CSN Stores (now known as Wayfair) is a company that knows quite a bit about descriptive domain names. The company runs a number of businesses on domain names like Bedrooms.com, BedroomFurniture.com, Luggage.com, Upholstery.com, Strollers.com, and many others. One issue the company has as a result of using so many domain names is that there is no main brand recognition. Consumers may have done business with more than one related website, but they probably wouldn’t know.
According to a recent article in Inc. Magazine and posted on Yahoo Small Business Advisor, the company is pivoting away from operating on many different descriptive domain names and uniting under one brand called Wayfair.
There are some very interesting tidbits in the article, which I think anyone investing in domain names should read. Some bits I found particularly interesting include:
- “The company pulled in sales of more than $500 million in 2011. Its head count is approaching 1,000.“
- “Part of the reason you don’t know about Wayfair is that the company doesn’t quite know itself yet. For the first nine years of its existence, it was known—if it was known at all—as CSN Stores. Rather than one brand, CSN Stores was a collection of more than 200 almost absurdly narrow niche sites, with names such as HotPlates.com and EveryGrandfatherClock.com.”
- “The 200 sites are gone; in their place is Wayfair.com, which Shah and Conine hope to make synonymous with all things home-related. The idea is that Wayfair will be a destination, not a site you stumble upon while searching for a new chaise longue.”
- “This was a big move, perhaps the biggest the company could make. For years, CSN Stores had been intentionally mysterious. Anonymity, after all, has its benefits: There’s no risk of damaging the brand if there isn’t a brand to damage. Even the biggest customer service screwup on one site was unlikely to affect customer loyalty on any of the other sites.“
In June of 2011, I wrote about the company’s $165 million funding round, which had been identified as being for “acquisitions.” At the time, I surmised that the company might look to acquire great descriptive domain names, but I am not sure if that’s really what happened considering the re-branding effort.
The Inc Magazine article is a great read with quite a bit of detailed information about the founding of CSN Stores and how it’s grown, thrived, and adapted, and I think it’s an article well worth reading when you have an opportunity.
Thanks to Steven Kennedy of SK Creations, Inc. for telling me about the article.
I first learned about CSN a few years ago when I got curious about an advertiser kept showing up on one of my affiliate website via google ads…and I learn that it had tons of good descriptive product domain names. At the time, I was wondering how they were able to manage all these websites, brands, which I imagine goes beyond just domain names, and websites.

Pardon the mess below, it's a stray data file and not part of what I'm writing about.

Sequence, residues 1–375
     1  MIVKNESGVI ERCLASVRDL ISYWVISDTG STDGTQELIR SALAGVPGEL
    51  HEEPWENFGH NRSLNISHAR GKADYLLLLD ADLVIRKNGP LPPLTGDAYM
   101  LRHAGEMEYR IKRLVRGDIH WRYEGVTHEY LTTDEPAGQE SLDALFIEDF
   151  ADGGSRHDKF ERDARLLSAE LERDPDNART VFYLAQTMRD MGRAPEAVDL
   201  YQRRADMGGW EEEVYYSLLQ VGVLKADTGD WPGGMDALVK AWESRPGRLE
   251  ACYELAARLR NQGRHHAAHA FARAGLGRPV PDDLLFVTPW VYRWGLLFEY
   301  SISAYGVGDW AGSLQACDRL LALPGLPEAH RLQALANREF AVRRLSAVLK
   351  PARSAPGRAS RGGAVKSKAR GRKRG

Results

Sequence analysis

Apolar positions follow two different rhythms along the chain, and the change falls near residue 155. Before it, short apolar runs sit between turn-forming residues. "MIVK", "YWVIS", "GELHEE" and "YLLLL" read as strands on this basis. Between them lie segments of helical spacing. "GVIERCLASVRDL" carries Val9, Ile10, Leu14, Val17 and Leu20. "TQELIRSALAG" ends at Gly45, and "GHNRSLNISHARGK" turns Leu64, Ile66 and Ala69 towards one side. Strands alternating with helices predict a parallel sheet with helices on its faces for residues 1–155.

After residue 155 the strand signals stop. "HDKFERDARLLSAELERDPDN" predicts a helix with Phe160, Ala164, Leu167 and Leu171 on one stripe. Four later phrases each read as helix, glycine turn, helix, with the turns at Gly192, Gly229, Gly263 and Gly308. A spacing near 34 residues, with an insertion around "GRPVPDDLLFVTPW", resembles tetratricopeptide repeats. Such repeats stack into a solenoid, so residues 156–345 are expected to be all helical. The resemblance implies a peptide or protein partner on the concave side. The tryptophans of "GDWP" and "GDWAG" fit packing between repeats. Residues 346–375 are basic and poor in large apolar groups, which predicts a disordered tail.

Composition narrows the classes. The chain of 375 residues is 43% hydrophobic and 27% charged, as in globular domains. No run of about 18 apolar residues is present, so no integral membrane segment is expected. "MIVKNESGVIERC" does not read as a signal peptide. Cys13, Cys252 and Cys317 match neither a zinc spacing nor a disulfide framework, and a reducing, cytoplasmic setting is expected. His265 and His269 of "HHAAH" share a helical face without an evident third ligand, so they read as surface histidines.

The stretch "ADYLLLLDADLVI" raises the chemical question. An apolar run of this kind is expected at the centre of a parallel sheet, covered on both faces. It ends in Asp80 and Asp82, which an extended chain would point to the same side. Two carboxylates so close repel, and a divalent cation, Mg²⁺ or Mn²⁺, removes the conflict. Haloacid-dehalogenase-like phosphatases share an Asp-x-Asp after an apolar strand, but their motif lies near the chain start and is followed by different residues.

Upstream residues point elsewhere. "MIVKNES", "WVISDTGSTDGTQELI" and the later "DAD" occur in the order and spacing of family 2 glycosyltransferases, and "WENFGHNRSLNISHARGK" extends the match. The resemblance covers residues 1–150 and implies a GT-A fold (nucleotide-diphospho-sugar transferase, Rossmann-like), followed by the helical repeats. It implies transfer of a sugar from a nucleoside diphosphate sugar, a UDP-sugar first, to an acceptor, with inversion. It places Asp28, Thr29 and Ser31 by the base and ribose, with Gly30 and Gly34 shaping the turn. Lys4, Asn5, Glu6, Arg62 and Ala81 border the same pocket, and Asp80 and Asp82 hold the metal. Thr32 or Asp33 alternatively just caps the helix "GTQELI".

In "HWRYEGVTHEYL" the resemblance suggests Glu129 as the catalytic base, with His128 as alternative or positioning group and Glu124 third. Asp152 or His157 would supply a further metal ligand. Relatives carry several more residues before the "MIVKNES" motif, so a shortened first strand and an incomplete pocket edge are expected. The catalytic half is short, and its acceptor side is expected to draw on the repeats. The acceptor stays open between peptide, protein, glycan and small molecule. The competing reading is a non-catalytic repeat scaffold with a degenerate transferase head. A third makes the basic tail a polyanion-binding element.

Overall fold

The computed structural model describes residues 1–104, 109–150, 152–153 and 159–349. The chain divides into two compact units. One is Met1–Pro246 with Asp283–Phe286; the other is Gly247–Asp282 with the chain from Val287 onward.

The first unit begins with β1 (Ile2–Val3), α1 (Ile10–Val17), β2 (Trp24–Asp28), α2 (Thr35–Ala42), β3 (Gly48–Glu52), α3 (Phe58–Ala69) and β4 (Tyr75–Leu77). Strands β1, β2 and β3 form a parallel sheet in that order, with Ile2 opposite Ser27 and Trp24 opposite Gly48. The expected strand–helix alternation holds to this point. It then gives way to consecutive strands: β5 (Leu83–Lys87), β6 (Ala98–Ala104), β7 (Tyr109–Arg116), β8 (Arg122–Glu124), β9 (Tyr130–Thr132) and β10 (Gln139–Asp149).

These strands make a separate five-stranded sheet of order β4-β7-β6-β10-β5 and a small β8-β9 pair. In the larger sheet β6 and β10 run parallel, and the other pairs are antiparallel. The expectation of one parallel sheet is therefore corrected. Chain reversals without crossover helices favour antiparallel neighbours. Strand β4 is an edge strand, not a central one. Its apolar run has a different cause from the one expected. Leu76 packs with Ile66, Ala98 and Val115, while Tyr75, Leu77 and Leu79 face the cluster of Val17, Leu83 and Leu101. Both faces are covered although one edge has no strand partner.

Now we know….at some point you have to consolidate everything under one roof, one brand….unless, you are Mr. Warren Buffett – who is in the business of making money – not products, not services, not sales – Just Money!
I noted that some international groups now ensure there brands promote the group brand as well as part of the trust in us message. An example is shown by Unilever at the end of the PG tips TV advertisement: http://www.youtube.com/watch?v=dyeh60gYdPQ
Jonston & Jonston have use Baby.com & BabyCentre.com plus country codes for some years now to promote the J&J trust in us message, another is http://ask.unum.co.uk/ using BackUpPlan as the generic to establish the brand. IMO it is the way to use TLD’s as the only way to compete with deep pockets with sunstainable long term marketing budgets
If they are making 500 million/yr just leave it.. why fix something that ain’t broken.
Why didn’t they simply co-brand each generic?
“Luggage.com presented by Wayfair!” etc, etc…
I think this is great. We get to see how well the strategy will work.
What we have to remember is how they got to where they are now; It was not Wayfair. They may have the momentum to where it just makes sense to increase sales this way now under one brand.
It’s probably not an either/or equation, but more where you are in the growth cycle as to if it makes sense.
Let’s follow them and see what happens, it’ll be a very interesting case study.
HotPlates.com redirects to WayFair.com. I’m quite sure all of CSN’s other niche domains will redirect to WayFair.com as well.
Thanks for this story Elliot. I had never even heard of CSN or any of its affiliated properties.
@castello… was gonna say the exact same thing. but as usual i’m an hour late and ten cents short of a buck.
I’ve been watching them for a while. They are the manifestation of every domainer’s minisite dream.
I have to wonder, though, if the switch to Mayfair will work. Their business was built entirely on keyword domains and SEO. And now they are tossing that to get into branding wars with major competitors. It’s like a successful band of guerilla fighters getting too confident and thinking they will try a head on assault to beat the big guys on their own terms. Good luck with that.
What separates Mayfair from all the other brands out there? What’s their USP that will have customers leaving JC Penny’s and Amazon in droves? Maybe they have a brand strategy, but it wasn’t mentioned in the article.
So, their initial strategy was to leverage whatever type-in traffic advantages may be offered by exact matching keyword domains, in the face of 300 years of marketing/branding wisdom.